We live in an increasingly omnichannel world where modern consumers are transitioning from online to offline channels, vice versa, and now from one online channel to another. Physical and digital storefronts were once equal-but-disjointed parts of commerce, then retail ecomm bridged the gap between the two. Anything that was once only available through brick-and-mortar is, in most cases, now purchasable online through retailers’ ecommerce shopping carts.
As ecommerce continues to evolve with improved shoppability and shoppable tools, a lot of brands are questioning when or how to fit this new retail ecommerce experience into their existing pure play and DTC strategies.
The reality is that each channel has their unique use cases and strengths, but when viewed as complementary, they can lead to valuable incremental sales and overall brand growth.
On their own, DTC, pure play (e.g. Amazon), and retail ecommerce are all revenue-generating channels for brands. Together, they take things to the next level by increasing brand awareness and household penetration.
Some brands have even found that implementing a retail ecommerce strategy unlocked opportunities for growth beyond what was possible through their own DTC channels, like Liquid Death.
Liquid Death–the unstoppable water startup currently valued at $700 million–was originally founded on a direct-to-consumer subscription model. On the tailwinds of their massive growth in July 2022, the company announced their shift away from DTC, leveraging retail and Amazon as their core commerce channels. The brand stated:
“Amazon is much better at lugging cases of water to your front door so we decided to let them deal with the hard work. Plus, it’ll save you a lot of money. Or use those two things dangling from your torso and walk into any Whole Foods Market, 7-Eleven, Sprouts, Publix, Sheetz, GetGo, and other retailers.”
Liquid Death currently offers a Subscribe & Save option on their site through Amazon, meeting the preferences of their loyal “death heads'' who previously enjoyed the convenience of recurring shipments directly to their home. By implementing retail ecommerce shoppability, the brand is also creating greater awareness and educating customers on which retailers are selling their water nearby while providing the path to actually purchase it - without ever leaving the website.
Shoppable PDPs embedded directly onto their product pages lets customers buy Liquid Death through retailers where they already have accounts or established purchasing habits. Murdering your thirst couldn’t be easier.
Other brands find success in capturing new shoppers through retail ecommerce and Amazon and converting those customers into brand loyalists through their existing DTC channels.
Take Siete Family Foods, for example. Sometimes consumers want to sample a single product before committing to a full online order or subscription. But once they’ve tried the product and enjoyed it, they’re more likely to seek it out again, try other flavors or products from the brand, and become repeat purchasers.
While Siete offers a 10% discount for the Subscribe & Save option on their product pages, their shoppable store locator makes it easy for consumers to try and be delighted by their products first at any in-stock retailer in a shopper’s zip code.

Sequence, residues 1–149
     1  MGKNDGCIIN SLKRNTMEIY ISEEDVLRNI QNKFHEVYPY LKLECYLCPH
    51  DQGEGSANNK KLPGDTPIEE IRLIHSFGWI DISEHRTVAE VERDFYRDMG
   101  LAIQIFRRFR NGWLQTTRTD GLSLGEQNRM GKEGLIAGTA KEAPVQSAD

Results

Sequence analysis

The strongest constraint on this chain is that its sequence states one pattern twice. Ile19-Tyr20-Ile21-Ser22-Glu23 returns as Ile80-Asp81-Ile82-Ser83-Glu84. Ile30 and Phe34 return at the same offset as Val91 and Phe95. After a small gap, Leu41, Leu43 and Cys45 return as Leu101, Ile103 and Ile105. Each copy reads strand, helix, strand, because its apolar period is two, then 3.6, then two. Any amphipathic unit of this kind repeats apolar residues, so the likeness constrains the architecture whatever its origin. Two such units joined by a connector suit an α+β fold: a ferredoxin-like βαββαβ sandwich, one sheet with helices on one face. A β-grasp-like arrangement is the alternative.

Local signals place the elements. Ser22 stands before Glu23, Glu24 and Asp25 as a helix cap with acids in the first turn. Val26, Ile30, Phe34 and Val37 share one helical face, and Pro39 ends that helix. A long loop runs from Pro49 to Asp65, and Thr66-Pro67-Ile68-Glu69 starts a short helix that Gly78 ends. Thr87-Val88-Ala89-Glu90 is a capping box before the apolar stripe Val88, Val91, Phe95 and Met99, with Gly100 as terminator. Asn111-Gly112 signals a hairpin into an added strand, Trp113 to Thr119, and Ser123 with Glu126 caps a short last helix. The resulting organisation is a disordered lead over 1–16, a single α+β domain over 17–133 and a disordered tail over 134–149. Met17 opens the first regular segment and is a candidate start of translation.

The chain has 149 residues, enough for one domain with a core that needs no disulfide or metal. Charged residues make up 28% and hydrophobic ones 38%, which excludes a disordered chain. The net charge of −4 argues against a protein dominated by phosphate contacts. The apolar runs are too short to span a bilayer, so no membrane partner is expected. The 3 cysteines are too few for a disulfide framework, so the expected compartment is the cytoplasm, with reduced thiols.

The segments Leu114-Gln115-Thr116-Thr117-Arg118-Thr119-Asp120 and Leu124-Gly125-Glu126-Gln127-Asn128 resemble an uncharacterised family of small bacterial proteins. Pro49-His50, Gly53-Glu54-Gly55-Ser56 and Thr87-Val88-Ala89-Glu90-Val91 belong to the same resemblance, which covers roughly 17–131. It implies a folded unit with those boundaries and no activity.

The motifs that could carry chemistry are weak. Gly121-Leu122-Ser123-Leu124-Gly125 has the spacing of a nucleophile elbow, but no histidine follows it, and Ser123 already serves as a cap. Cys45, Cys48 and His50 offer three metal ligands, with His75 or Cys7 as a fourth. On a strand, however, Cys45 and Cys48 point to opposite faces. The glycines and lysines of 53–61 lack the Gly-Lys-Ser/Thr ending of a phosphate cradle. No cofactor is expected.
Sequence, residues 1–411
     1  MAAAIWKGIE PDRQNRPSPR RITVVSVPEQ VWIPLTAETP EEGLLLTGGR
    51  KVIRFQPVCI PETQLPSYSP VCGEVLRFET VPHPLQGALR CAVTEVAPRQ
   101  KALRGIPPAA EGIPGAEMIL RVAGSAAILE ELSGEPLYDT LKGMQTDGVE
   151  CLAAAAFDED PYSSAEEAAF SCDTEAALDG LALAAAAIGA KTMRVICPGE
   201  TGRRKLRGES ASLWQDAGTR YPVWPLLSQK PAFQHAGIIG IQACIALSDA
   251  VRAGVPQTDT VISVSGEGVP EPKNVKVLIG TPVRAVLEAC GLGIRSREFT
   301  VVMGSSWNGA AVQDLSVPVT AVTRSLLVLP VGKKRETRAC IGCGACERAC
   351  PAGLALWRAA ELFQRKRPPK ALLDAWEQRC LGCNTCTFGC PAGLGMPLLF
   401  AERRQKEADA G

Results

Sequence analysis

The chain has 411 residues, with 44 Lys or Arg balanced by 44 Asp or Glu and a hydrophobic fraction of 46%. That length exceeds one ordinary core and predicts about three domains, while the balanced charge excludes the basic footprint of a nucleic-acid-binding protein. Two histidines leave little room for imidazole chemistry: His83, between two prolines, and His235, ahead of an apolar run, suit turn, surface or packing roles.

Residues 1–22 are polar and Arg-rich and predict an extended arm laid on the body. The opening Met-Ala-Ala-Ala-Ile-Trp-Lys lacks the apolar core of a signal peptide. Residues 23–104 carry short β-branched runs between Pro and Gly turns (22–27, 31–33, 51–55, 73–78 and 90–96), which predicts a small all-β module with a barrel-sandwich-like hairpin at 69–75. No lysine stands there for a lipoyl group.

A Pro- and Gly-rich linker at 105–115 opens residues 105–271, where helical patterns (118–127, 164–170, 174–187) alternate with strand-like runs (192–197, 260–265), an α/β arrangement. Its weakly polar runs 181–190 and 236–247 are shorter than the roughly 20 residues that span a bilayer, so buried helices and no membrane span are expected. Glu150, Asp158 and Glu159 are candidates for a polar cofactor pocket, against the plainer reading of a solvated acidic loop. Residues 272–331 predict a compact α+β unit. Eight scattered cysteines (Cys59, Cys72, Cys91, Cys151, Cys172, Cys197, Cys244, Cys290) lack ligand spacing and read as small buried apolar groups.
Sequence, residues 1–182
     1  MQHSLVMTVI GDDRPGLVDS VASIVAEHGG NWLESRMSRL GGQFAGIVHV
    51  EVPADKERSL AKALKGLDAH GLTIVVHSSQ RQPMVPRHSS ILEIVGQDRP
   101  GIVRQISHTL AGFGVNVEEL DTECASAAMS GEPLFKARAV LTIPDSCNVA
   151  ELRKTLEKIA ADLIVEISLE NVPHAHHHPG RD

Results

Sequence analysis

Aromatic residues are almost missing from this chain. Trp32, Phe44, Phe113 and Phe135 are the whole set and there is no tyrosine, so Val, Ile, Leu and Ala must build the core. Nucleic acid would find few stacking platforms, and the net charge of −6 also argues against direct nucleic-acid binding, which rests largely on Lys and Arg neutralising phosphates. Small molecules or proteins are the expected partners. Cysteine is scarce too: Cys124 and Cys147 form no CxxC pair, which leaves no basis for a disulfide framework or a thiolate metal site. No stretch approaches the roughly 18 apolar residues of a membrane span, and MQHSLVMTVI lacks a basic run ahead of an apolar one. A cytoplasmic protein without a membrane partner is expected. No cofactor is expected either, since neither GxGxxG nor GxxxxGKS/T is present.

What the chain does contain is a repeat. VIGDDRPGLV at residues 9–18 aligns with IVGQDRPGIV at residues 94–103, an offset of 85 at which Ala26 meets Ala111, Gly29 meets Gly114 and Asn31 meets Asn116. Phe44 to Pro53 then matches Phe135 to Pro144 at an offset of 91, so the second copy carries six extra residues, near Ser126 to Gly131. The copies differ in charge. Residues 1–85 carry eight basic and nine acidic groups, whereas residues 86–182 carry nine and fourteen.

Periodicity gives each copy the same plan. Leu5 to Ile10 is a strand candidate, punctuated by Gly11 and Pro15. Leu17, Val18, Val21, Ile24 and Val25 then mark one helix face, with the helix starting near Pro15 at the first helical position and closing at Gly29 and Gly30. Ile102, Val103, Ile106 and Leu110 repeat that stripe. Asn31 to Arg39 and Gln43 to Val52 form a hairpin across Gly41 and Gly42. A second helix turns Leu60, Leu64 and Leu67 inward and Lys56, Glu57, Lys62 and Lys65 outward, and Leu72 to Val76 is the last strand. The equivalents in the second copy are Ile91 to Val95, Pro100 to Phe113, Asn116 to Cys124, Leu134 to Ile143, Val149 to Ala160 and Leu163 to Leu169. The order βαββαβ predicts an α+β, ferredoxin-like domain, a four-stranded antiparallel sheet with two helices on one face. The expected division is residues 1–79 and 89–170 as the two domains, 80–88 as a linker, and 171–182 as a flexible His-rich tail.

When later presented with opportunities to subscribe and save through email remarketing, for example, those same retail ecomm purchasers are more likely to convert to subscribers and drive growth via the DTC channel, having already tried and enjoyed the product.
Creating paths to purchase through retailers doesn’t have to mean sacrificing DTC or Amazon sales. With the right infrastructure, brands can take advantage of consumers’ established and preferred shopping habits and realize growth through all three channels.
Of course, every brand would love to grow sales through every ecommerce channel. Without the right platform or tools, however, successfully unlocking the retail ecommerce piece can be a huge challenge.
Brands lose insight into anything that happens once a customer bridges over from an ad or store locator to a retailer’s site. This makes realizing the potential of retail ecommerce tricky, and it certainly makes capturing shopper insights or running any type of performance marketing nearly impossible.
Pear connects CPGs to retailers, converting shoppable media into actionable insights that fuel performance marketing. Our platform provides brands with the shoppability and insights needed to materially move the needle, generating retail ecommerce strategies that drive awareness, trial, and repeat purchases.
With Pear, brands can:
Interested in learning more?
Connect with our team to discuss the shoppable products and unique balance between DTC, Amazon, and Retail Ecommerce that will work best for your brand.
Five years ago, retail ecommerce didn’t exist. Today, supporting the channel is table stakes for consumer packaged goods brands.
This playbook is designed to guide CPG brands from the stages of awareness to purchase at retail. Whether you’re interested in retail ecommerce as a new channel opportunity or looking to level up existing efforts, The Retail Ecommerce Playbook covers tools, tips, and examples to help your brand succeed.